Automatic detection and prevention
    Setup Studio detects your Windows build and adjusts itself accordingly. The Hotfixes module prevents from adding wrong security patches to the project. Built-in support and program detection based on MD5 hash for hundreds of programs also help to avoid errors in installation switches.

    Driver packs and mass storage drivers support
    Installing Mass storage drivers for non-standard HDD IDE controllers is a Windows Setup complication. Now it is trivial to add a mass storage driver. The integration is done in a background. Setup Studio also supports adding drivers from Driver packs. These are particularly helpful for building a reference technician CD/DVD that should have support for widest range of devices such as motherboards and other hardware.

    Built-in burning module
    While there is number of media burning programs, creating bootable CD/DVDs is not the easiest of tasks. Still it is necessary to ensure that your project CD/DVD is perfectly bootable. With built-in burning and bootable CD/DVD support you don’t have to worry. Burning your project in Setup Studio is absolutely simple, virtually a click of a button [view full features list]

    Changelog:
    * This release contains enhancements in reporting and item description in Setup Studio report.

    Download: Setup Studio 1.0.7 shareware
    Screenshot: 1 2 3 4 5 6 7 8 9 10 11 12 13
    Link: Home Page


    Thought of the day

    Posted: July 16, 2007 in Personality Development

    “Desire is the starting point of all achievement. Keep this constantly in mind. Weak desires bring weak results, just as a small amount of fire makes a small amount of heat.”
    – Napolean Hill –

    iTunes 7.3.1

    Posted: July 12, 2007 in Softwares

    Buy music, movies, TV shows, and audiobooks, or download free podcasts from the iTunes Store 24 hours a day, 7 days a week. Organize and play everything on your Mac or PC. Then sync it to your iPod and bring it along. Anywhere.

    What’s New:

    About iTunes 7.3.1 for Windows
    With iTunes 7.3, you can now activate iPhone service and sync it with your music, TV shows, movies and more. Also, you can now wirelessly share and enjoy your favorite digital photos from any computer in your home with Apple TV. iTunes 7.3.1 addresses a minor problem with iTunes 7.3 accessing the iTunes Library.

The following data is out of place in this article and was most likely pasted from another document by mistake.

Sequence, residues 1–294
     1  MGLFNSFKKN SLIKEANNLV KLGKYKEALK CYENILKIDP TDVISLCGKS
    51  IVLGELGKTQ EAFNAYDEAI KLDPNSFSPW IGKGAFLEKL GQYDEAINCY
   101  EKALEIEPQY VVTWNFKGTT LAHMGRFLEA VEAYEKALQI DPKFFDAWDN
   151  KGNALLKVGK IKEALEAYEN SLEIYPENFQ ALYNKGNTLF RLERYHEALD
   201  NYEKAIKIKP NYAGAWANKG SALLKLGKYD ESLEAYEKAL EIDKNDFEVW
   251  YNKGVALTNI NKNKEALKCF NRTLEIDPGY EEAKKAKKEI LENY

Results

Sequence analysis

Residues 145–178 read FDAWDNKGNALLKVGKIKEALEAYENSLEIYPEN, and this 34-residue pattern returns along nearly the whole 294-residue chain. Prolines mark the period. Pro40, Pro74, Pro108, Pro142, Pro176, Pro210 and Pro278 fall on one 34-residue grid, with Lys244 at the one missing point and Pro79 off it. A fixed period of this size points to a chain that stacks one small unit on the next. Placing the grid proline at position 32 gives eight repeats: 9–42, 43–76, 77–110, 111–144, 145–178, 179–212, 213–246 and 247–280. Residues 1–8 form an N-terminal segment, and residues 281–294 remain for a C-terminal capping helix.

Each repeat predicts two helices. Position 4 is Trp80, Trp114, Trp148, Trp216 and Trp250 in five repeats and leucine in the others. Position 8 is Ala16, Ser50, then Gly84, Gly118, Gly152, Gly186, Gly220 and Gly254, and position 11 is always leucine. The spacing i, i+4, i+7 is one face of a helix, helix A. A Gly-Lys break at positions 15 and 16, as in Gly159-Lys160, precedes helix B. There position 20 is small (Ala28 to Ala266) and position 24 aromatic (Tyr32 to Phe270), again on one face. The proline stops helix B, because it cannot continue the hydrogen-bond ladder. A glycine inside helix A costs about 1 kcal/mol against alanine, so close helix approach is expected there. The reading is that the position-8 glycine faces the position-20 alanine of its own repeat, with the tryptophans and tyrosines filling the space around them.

Download: iTunes 7.3.1
    View: Apple iTunes Website

    Logframes, and the Logical Framework Approach
    Planning robust, coherent, successful projects

    In practice, even the best project managers can find it difficult to plan major projects without missing important activities, and without failing to spot all significant risks and issues. What’s more, once you’re immersed in the detail of project planning, it’s hard to keep site of the big picture: What are you trying to achieve and why? What are the risks and assumptions? And how you can tell whether the project is a success once it’s implemented?

    The Logical Framework Approach is a useful technique for helping you do these things, thereby making your projects more robust and coherent – and more successful.

    The Logical Framework Approach (LFA) was developed in the 1970s as a tool for strategic planning, using the ideas of Management by Objectives. It’s a tool of choice used by development agencies and in the international donor community. Large aid organizations throughout the world use the LFA for planning, approving, evaluating and monitoring their projects. That said, this is a powerful and useful technique, and is one that richly deserves much wider application than in international development alone.

    The Logical Framework Approach and the Logframe

    The Logical Framework Approach elegantly weaves together top-down and bottom-up approaches to project management. It brings together the classical, top-down, “waterfall approach” for identifying the activities in a project, with a rigorous bottom-up checking process to make sure that these activity lists are comprehensive. It then reinforces this with a rigorous risks and assumptions analysis, which is again thoroughly checked. And it concludes by identifying the controls needed to monitor and manage the project through to successful conclusion.